Over the past year, countless people have come forward with accounts of sexual harassment in the workplace. Known as the #MeToo movement, it began in the entertainment industry, and has expanded to include many other industries and professions. Fashion models have described their experiences with harassment at photo shoots, fashion shows, and other events in New York City. Sexual harassment is covered by laws prohibiting sex discrimination in employment, but the fashion industry presents challenges under laws like the New York State Human Rights Law (NYSHRL). These laws generally apply to “employees.” Many who work in fashion are considered to be independent contractors. In October 2017, an Assemblywoman from Queens introduced A08572, the “Models’ Harassment Protection Act” (MHPA). This bill would amend the NYSHRL to include provisions specifically applying to the types of sexual harassment that models often experience, and to account for the employment relationship between model and designers, photographers, and others.
The U.S. Supreme Court established that the prohibition on sex discrimination in employment under federal law includes sexual harassment. Meritor Savings Bank v. Vinson, 477 U.S. 57 (1986). New York courts have made the same determination with regard to the NYSHRL. See, e.g. Belle Ctr. v. Human Rights Div., 221 A.D.2d 44, 49-50 (N.Y. App. Div., 4th Dept. 1996).
Plaintiffs can allege two types of sexual harassment under these laws. Quid pro quo sexual harassment occurs when a “supervisor…expressly or tacitly link[s] tangible job benefits to the acceptance or rejection of sexual advances,” regardless of how the plaintiff responds to said advances. Id. at 50. Hostile work environment occurs when pervasive and unwelcome conduct of a sexual nature “alter[s] the conditions of the [plaintiff’s] employment.” Id. Neither theory of sexual harassment requires proof of economic loss, but a quid pro quo claim requires “proof of linkage between the offensive conduct and decisions affecting employment.” Id. at 50-51.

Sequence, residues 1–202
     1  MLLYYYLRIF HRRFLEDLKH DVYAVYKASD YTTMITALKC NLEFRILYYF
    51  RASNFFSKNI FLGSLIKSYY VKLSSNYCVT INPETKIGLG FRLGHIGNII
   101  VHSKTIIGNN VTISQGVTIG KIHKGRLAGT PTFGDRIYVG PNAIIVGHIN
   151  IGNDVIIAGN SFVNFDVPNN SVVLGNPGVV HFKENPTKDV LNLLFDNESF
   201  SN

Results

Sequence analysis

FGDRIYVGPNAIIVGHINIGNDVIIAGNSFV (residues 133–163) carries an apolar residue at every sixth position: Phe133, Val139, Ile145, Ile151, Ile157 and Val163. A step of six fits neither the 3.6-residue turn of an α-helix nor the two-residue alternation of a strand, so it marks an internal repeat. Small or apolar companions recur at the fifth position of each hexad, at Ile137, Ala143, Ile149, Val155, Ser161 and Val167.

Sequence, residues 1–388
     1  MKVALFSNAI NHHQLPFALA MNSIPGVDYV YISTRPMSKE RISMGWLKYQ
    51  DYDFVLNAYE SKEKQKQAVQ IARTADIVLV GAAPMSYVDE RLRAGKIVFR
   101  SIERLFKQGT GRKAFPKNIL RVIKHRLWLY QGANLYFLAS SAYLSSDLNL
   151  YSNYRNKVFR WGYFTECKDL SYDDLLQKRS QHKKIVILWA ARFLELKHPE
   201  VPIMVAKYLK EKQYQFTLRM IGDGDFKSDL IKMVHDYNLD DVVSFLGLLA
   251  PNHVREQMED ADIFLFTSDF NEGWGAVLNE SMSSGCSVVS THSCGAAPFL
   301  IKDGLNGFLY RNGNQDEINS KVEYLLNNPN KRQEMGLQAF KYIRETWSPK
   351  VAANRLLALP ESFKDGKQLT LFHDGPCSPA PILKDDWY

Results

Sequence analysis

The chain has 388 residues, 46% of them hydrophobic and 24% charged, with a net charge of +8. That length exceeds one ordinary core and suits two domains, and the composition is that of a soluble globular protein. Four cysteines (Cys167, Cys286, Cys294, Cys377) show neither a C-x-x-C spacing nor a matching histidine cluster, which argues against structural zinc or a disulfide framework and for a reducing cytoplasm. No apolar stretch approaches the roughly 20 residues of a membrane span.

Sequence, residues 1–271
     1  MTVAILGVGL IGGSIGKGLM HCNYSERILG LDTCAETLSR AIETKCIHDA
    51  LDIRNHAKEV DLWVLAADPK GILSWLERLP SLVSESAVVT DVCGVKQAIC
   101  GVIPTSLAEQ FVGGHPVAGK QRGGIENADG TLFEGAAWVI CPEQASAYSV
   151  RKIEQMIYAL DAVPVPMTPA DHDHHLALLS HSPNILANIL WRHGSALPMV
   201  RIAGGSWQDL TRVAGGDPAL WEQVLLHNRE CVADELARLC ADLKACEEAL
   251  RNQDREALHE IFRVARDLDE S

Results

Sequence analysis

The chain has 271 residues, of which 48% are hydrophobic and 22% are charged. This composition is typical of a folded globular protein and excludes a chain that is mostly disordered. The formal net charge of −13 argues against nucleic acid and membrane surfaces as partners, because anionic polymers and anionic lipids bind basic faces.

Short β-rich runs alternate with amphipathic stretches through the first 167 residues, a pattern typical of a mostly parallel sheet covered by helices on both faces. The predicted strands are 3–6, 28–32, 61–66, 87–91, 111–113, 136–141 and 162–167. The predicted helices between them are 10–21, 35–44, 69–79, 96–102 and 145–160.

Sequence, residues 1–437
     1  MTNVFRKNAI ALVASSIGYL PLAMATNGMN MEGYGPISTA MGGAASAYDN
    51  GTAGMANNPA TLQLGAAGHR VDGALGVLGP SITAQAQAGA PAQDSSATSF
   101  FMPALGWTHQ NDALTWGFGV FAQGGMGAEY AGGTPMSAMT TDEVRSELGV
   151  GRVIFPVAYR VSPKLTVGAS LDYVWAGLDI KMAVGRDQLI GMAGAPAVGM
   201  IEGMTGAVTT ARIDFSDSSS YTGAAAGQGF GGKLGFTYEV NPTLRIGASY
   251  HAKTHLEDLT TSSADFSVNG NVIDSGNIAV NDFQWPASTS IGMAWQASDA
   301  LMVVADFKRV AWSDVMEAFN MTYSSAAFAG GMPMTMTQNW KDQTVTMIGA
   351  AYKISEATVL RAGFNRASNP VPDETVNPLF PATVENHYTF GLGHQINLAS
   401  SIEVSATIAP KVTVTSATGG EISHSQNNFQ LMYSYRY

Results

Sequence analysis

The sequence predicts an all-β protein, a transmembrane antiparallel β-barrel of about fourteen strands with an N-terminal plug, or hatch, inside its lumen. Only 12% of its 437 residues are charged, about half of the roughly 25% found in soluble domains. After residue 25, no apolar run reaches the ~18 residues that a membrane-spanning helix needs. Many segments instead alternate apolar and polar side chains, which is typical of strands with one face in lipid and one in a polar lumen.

The MHPA was first introduced in the Assembly on October 25, 2017. It is currently awaiting a committee hearing along with its Senate counterpart, S07607. The bill would amend the NYSHRL to add a new section entitled “Unlawful discriminatory practices relating to models.” Instead of employers and employees, this new section would address interactions between “clients” and “models.” “Client” is defined to include various individuals and businesses that hire models, such as clothing manufacturers and retailers, photographers, designers, advertising agencies, and publishers. “Modeling services” include appearances in photographic or video sessions, runway appearances, and related services. “Modeling entities” include agencies, management companies, and other businesses that represent models.
The bill defines “unlawful discriminatory practices” to include acts that would constitute quid pro quo sexual harassment or hostile work environment, as well as harassment based on protected categories like race, age, sexual orientation, or national origin. Clients and modeling entities must post a notice that provides information on filing a complaint. Contracts between models and modeling entities must include a notice of the model’s rights under the MHPA.
Phillips & Associates’ skilled and knowledgeable employment attorneys advocate for the rights of employees and job seekers in New York City, helping them assert claims for unlawful employment practices like sex discrimination and sexual harassment. Please contact us at (212) 248-7431 or online today to schedule a free and confidential consultation to discuss your case.
More Blog Posts:
New York Lawmaker Takes Steps to Protect Fashion Models in Wake of Recent Sexual Abuse Allegations, New York Employment Attorney Blog, October 23, 2017
Fashion Models Take a Stand Against Sexual Harassment, Discrimination, Labor Law Violations, and Other Fashion Industry Problems, New York Employment Attorney Blog, February 13, 2014
Fashion Model’s Support of Controversial Photographer Demonstrates the Difficulty of Addressing Sexual Harassment in the Fashion Industry, New York Employment Attorney Blog, February 25, 2013